Postby matcohen » Thu Jun 04, 2009 11:07 am

Kartauserhof - great tasting room and really different wines.
Jakob Schneider - great, young guy, love his wines across the board - I wish I could get more of his lineup
JJ Prum - Katerina is a remarkable person and the wines are terrific

Huet - terrific wines
Foreau - I love just sitting down and sipping their wines all night

Coudert - very interesting, meaty wines
Descombes - I love that he produces in some many villages.

Occhipinti - great wines, Arianna is tres cool.

Texier - I love his wines and he and his wife are tres cool

Puffeney - great wines and terrific values
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Re: Lyle Fass – Word on the Street - 6-4-09; Top Ten Producers

Postby Lyle Fass » Thu Jun 04, 2009 11:18 am

Good post.

Occhipinti huh? Just the wines there? :twisted:

Not gonna give away my next five but some are on your list and some are not.

Huet is a no-brainer as no one really comes close, but you think Foreau does it seems. Love the wines but not a world-beater in my book like Huet. Less pure and more rugged but they do have their charm.

Karthauserhof - I love. Surely makes my top 25. Like Ruwer mineral water that just happens to be made out of Riesling grapes.

Descombes we agree as Prum. To disclose fully Matt was with me at Prum on one of my visits.

I love Texier wines and he another top 20 guy no doubt.
Lyle Fass
 
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Re: Lyle Fass – Word on the Street - 6-4-09; Top Ten Producers

Postby CorkPullerPHL » Thu Jun 04, 2009 12:30 pm

Allain Graillot: Fantastic, meaty Crozes with a perfect balance of polish and rusticity.

Olga Raffault: the '85 Les Picassses is the best Cab Franc I've ever tasted. i could drink the '89 everday for the rest of my life.

Bruno Giacosa: Terroir in a bottle.

Salon: Not my favorite champagne for everyday drinking, but having tasted 5 decades worth of Salon's, this is the best bubbly made. (Honorable mention goes to Monte Rossa for making truly world class bubbles in Italy)

Trimbach: For Freddy Emile, my dessert island wine.

If asked again tomorrow, I'd have 5 different producers. I'm not sure how i didn't include a single german producer.

Side note. I take Foreau over Huet. I've had too many "great" Huet's that didn't live up to their hype. Foreau impresses every time
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Re: Lyle Fass – Word on the Street - 6-4-09; Top Ten Producers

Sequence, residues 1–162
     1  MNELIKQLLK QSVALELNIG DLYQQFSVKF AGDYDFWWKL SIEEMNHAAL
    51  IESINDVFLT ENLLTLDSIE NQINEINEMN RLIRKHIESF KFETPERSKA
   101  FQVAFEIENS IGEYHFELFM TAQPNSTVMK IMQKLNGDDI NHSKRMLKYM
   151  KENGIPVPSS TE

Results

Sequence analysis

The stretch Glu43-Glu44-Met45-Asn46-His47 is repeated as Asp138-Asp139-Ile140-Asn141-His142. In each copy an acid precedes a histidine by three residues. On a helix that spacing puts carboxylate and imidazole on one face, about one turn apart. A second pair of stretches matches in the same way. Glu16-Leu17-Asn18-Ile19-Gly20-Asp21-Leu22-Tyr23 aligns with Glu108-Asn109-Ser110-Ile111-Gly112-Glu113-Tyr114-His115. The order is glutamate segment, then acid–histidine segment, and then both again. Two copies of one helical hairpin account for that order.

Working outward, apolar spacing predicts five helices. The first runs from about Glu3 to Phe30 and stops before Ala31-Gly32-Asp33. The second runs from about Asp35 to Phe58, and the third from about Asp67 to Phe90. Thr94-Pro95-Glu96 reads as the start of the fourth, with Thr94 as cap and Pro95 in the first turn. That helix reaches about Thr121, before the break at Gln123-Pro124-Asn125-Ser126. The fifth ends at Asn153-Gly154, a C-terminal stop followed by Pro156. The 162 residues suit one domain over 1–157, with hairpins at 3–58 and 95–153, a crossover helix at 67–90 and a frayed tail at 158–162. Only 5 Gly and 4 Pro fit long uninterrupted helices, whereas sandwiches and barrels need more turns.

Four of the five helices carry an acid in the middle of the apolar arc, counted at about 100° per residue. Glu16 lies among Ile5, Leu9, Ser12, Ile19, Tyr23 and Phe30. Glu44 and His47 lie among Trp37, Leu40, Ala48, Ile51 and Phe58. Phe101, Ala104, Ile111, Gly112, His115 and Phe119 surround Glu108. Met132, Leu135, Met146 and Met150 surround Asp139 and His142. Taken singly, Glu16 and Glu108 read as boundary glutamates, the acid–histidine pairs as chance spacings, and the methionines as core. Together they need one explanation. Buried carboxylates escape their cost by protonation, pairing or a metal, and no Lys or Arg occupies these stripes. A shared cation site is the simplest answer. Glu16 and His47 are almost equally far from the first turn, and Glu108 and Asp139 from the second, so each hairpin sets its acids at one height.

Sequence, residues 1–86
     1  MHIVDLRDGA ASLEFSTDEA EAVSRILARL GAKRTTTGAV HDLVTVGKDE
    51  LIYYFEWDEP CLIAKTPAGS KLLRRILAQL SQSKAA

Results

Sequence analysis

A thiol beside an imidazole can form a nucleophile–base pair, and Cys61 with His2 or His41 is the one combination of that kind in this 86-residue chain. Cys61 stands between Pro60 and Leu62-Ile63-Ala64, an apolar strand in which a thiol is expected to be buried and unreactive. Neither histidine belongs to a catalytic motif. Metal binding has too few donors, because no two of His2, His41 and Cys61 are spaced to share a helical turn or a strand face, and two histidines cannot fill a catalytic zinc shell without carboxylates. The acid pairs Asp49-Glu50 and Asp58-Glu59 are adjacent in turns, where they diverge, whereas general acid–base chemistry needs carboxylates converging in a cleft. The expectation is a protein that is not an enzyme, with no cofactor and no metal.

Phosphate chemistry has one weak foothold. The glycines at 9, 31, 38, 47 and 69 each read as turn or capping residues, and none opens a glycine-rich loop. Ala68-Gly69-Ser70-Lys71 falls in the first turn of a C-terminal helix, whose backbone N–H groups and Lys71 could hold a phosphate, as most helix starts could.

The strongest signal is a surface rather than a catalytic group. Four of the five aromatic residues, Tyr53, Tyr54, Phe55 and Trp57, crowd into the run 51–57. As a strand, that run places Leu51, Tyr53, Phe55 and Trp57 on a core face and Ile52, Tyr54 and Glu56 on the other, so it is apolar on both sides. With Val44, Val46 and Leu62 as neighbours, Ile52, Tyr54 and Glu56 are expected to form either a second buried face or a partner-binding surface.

Postby matcohen » Thu Jun 04, 2009 12:32 pm

Foreau - I like the animalistic nature of the wines.

re Occhipinti ... no comment. :-)
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Re: Lyle Fass – Word on the Street - 6-4-09; Top Ten Producers

Postby Lyle Fass » Thu Jun 04, 2009 1:21 pm

CorkPullerPHL wrote:Allain Graillot: Fantastic, meaty Crozes with a perfect balance of polish and rusticity.

Olga Raffault: the '85 Les Picassses is the best Cab Franc I've ever tasted. i could drink the '89 everday for the rest of my life.

Bruno Giacosa: Terroir in a bottle.

Salon: Not my favorite champagne for everyday drinking, but having tasted 5 decades worth of Salon's, this is the best bubbly made. (Honorable mention goes to Monte Rossa for making truly world class bubbles in Italy)

Trimbach: For Freddy Emile, my dessert island wine.

If asked again tomorrow, I'd have 5 different producers. I'm not sure how i didn't include a single german producer.

Side note. I take Foreau over Huet. I've had too many "great" Huet's that didn't live up to their hype. Foreau impresses every time


Great list. These lists fascinate me more for the reasons than the actual producers listed. If someone posted Yellowtail or Jean-Luc Colombo, both of whom I dislike immensely, and related their passion on why they love those wines, I would be into it.

I have had less "great Huets" but my hit rate has been higher I suspect. The three times I have had 1971 Le Haut Lieu Demi-Sec each one was better than the next. Have not had much older alas. Have had older Foreau and I think they are best drunk a bit on the younger side as they get a bit broader as they age from my experience. FWIW I might prefer Foreau in the moelleux category as the acidity tends to be electric in his sweet stuff. Less so than few Huet desert-style wines I have had.
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Re: Lyle Fass – Word on the Street - 6-4-09; Top Ten Producers

Postby Alexander » Thu Jun 04, 2009 2:51 pm